Skip to main content
ARS Home » Pacific West Area » Albany, California » Western Regional Research Center » Healthy Processed Foods Research » Research » Publications at this Location » Publication #339694

Research Project: New Sustainable Processing Technologies to Produce Healthy, Value-Added Foods from Specialty Crops

Location: Healthy Processed Foods Research

Title: Solar thermal drum drying performance of prune and tomato pomaces

Author
item Milczarek, Rebecca
item Ferry, Jonathan - University Of California
item Alleyne, Fatima
item Olsen, Carl
item Olson, Donald
item Winston, Roland - University Of California

Submitted to: Food and Bioproducts Processing
Publication Type: Peer Reviewed Journal
Publication Acceptance Date: 8/26/2017
Publication Date: 9/4/2017
Citation: Milczarek, R.R., Ferry, J., Alleyne, F.S., Olsen, C.W., Olson, D.A., Winston, R. 2017. Solar thermal drum drying performance of prune and tomato pomaces. Food and Bioproducts Processing. 106:53-64.

Interpretive Summary: When fruits and vegetables are peeled or processed into juice, processors are left with a damp co-product known as pomace. The pomace consists of the peels, seeds, and other insoluble parts of the fruit or vegetable. Pomace contains many nutrients and fiber, but it is often used for low-value applications such as fertilizer or animal feed because it is unstable (will get moldy quickly at ambient conditions). So, fruit and vegetable processors would benefit from an environmentally-friendly way to quickly dry and stabilize pomace so it could be put to more valuable uses and transported more easily. Drum drying is a well-established drying technology, but current drum drying equipment utilizes conventional, high-environmental-impact heating mechanisms (such steam created from boilers running on fossil fuels). In this project, we demonstrated that a drum dryer heated by solar thermal energy could effectively dry tomato and prune pomaces. We tried different combinations of pomace blend ingredients (water and a starch-like drying aid) and processing conditions (drum surface temperature and drying time) to find the best combination of these variables that would dry the pomace completely and minimize the change in color. Thus, this study demonstrated that prune pomace and tomato pomace can be dried on a drum dryer run by solar heating and established the best formulation and processing conditions drying each of these materials.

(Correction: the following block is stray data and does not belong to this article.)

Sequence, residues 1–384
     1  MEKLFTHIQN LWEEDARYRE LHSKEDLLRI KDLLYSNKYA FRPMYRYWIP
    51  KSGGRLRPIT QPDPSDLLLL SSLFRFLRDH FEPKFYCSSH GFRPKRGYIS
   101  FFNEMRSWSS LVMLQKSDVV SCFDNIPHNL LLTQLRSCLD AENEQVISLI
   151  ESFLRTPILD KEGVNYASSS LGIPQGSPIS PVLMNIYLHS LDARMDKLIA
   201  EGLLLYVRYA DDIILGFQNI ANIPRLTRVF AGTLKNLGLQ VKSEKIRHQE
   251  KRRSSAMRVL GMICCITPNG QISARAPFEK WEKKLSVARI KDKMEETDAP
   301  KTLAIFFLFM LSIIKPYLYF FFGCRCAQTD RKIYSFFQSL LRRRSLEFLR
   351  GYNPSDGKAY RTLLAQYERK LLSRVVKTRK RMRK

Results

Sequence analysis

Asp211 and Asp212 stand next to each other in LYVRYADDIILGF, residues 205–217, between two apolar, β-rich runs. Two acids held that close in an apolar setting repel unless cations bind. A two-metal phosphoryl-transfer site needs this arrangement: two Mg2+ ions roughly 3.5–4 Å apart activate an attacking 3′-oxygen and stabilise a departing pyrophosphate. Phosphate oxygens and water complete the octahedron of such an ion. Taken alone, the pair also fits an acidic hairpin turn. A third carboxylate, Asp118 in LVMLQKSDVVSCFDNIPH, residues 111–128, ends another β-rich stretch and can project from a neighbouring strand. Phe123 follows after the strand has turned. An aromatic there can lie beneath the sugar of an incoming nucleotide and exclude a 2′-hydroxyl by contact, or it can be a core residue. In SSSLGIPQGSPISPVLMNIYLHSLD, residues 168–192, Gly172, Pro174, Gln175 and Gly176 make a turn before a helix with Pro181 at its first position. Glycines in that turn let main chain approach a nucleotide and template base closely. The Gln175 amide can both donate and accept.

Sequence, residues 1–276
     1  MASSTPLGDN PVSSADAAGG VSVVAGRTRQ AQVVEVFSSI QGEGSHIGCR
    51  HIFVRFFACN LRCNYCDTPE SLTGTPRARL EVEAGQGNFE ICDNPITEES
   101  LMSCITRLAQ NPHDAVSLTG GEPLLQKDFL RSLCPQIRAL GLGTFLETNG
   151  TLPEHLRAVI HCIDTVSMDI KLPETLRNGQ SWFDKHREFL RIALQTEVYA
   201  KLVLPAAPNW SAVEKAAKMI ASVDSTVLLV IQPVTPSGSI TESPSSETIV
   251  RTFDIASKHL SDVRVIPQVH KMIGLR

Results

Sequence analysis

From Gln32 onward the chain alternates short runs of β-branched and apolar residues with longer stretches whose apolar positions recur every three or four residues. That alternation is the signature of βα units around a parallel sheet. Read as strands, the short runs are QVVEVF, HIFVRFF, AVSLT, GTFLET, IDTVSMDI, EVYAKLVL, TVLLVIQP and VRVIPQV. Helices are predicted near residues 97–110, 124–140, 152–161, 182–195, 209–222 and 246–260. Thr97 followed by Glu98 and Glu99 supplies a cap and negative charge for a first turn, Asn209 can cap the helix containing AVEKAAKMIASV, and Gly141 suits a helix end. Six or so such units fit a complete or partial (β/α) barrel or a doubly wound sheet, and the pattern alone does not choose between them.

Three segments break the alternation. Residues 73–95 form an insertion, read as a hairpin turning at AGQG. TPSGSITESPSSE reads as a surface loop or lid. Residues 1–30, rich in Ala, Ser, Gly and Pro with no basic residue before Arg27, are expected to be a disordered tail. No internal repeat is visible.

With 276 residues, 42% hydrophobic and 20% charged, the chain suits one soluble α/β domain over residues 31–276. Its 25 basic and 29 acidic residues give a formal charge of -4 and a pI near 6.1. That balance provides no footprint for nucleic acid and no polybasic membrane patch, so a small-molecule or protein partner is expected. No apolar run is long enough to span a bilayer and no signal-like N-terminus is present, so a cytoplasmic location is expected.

Technical Abstract: Fruit and vegetable pomaces are co-products of the food processing industry; they are underutilized in part because their high water activity (aw) renders them unstable. Drum drying is one method that can dry/stabilize pomaces, but current drum drying methods utilize conventional, high-environmental-impact heating mechanisms. In this work, a small-scale double drum dryer (20 cm length x 15 cm diameter) was interfaced with a 106.6 m2 External Compound Parabolic Concentrator (XCPC) [solar thermal collector] array designed to produce up to approximately 40 kW of heating power. The conditions for drying prune and tomato pomaces were optimized on this system via a split-plot design. The design had 4 variables: added water, added maltodextrin carrier, dwell time, and drum surface temperature. Moisture content, aw, and color of the dried pomaces were assessed to determine the effectiveness of the drying. Both pomaces were rendered shelf-stable (aw < 0.6) for all tested conditions. However, prune pomace exhibited a narrower range of aw values than did tomato pomace. Conditions for adequate drying with minimal color change (and thus expected minimal nutrition loss) were established. This work demonstrates the potential for solar thermal energy to provide the heat for drum drying fruit and vegetable pomaces.